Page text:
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Hi, Recently, I had the good fortune to acquire this set of Cretoxyrhina (vraconensis) teeth from the Britton Fm., Texas. I have a detailed account of it’s discovery which describes almost all of these teeth being found together in an area about 18” x18”, with a few stragglers found just outside the main pile of teeth. It’s not complete, but It looks like most of the positions are represented. Some of the larger anteriors were not recovered and I suspect at least one or two positions are missing. I have arranged these teeth into positions that look close to me, but there is no doubt that it needs to be adjusted. I am hoping someone here might know something about these early Cretoxyrhina dentitions and might be able to advise or comment on how I can make this accurate. Some other noteworthy finds recovered from the same 18” square were 2 suspected Cretoxyrhina vertebrae, 5 small Squalicorax (falcatus) teeth, a possible Archeolamna tooth, another very small unidentified cusped shark tooth, and some small fish vertebrae and bones. Thanks for looking. R~
I can’t figure out if these are 2 associated jaw pieces. In most pictures they sure look it, but some pictures make me second guess it, and if they aren’t, they’re definitely still the attaching pieces, even if from different animals. I was looking at it backwards for awhile, which set me back, but I figured out the thicker part is actually the front of the jaw, right before the curve, or right after it starts, if it’s been glued on at the incorrect angle, which I think could also be possible. the 1st picture looks very strange because of how that smaller section suddenly drops down and gets taller, and especially strange after researching and finding out that it’s supposed to get wider there, but actually SHORTER. the 2nd picture looks good, except it MIGHT supposed to start slightly curving inward at the point of reattachment pics 1,3,4,6,&7 all make it look like they rent supposed to be associated together, but the other pics make it look very accurate. I don’t know what to think, so I thought I’d see what people with much better knowledge than I, think about it.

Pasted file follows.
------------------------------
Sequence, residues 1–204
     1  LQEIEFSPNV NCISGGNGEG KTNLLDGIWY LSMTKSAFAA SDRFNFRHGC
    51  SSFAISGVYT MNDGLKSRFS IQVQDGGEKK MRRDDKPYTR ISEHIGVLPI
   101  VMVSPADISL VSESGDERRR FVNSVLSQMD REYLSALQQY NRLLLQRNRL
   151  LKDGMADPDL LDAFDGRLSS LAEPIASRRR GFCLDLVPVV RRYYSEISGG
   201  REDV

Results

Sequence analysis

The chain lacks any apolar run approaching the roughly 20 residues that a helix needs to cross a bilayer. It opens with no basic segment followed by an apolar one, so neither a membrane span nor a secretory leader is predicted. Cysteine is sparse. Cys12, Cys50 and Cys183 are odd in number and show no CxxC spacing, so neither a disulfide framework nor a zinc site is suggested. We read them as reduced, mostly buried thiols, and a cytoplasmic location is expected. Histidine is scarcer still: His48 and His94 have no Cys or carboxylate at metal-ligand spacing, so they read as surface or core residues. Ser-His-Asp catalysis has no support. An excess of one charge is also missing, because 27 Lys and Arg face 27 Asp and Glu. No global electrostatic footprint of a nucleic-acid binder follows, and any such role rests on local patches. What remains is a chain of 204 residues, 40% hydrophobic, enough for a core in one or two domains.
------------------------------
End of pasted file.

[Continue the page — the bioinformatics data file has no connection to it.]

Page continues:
Recently, I did some prep work on a couple of specimens that may turn out to be new crab species. This prep work was done in exchange for some trade specimens that I didn't have in my collection. As part of the trades, my new friend generous provided a starfish fossil. This starfish specimen was loose and a small part of one arm was missing. Since I prefer specimens in the matrix, decided to try to mount the specimen in some matrix. However, since I didn't have matrix from the location, my friend later provided a slab with some oysters in it. Apparently, starfish are often found (when found) in association with oysters. Both sets of specimens needed some preparation. After prepping and reconstructing the missing part of the starfish and the oyster plate, I excavated and molded a spot for the starfish. Wanted to be able to remove the starfish so you could look at the oral side. This starfish shows its madreporite and the small spines on the oral side. Very cool. I recognize that this was a created association, however, it represents an association found in natural environment of the locale. Hopefully, this plate falls within the preparation category. Finished this work in May. Wish I had taken pics of the befores and afters...Argg.
Here's a treat for the troops. These have been hidden from public and scientific view since they were acquired from the finder. I purchased them from a civil war relic hunter and collector, who claimed to have these found together, but he wouldn't divulge exactly where. I suspect coastal Charleston, north to possibly southern NC, based upon his distance of travel from the sale, which was the old Civil War Museum, located in downtown Myrtle Beach - Mid 90's.(A friend who worked there, alerted me of the seller's presence.) The owner also collected fossils and displayed these, so it was known as a place of trade and sale for both artifacts and fossils. When I first saw them, I immediately recognized the possibility that they were a pair, and likely land finds, but what I didn't expect to discover, was their curious potential axial relationship. Published relative axial ratios of known or suspected associated sets reveal similar math to what I've found in these Both appear to be from the same side of the jaw, which makes a reasonable argument for how they may have literally, come together in the first place. I've managed to contact one nationally recognized expert who seems intrigued. Unfortunately, there's probably no DNA remaining, but if you've ever watched Forensic Files on TV, more than just DNA is often used to establish beyond a reasonable doubt. I think this is also a good time for a poll, recognizing of course that you can't see these in person.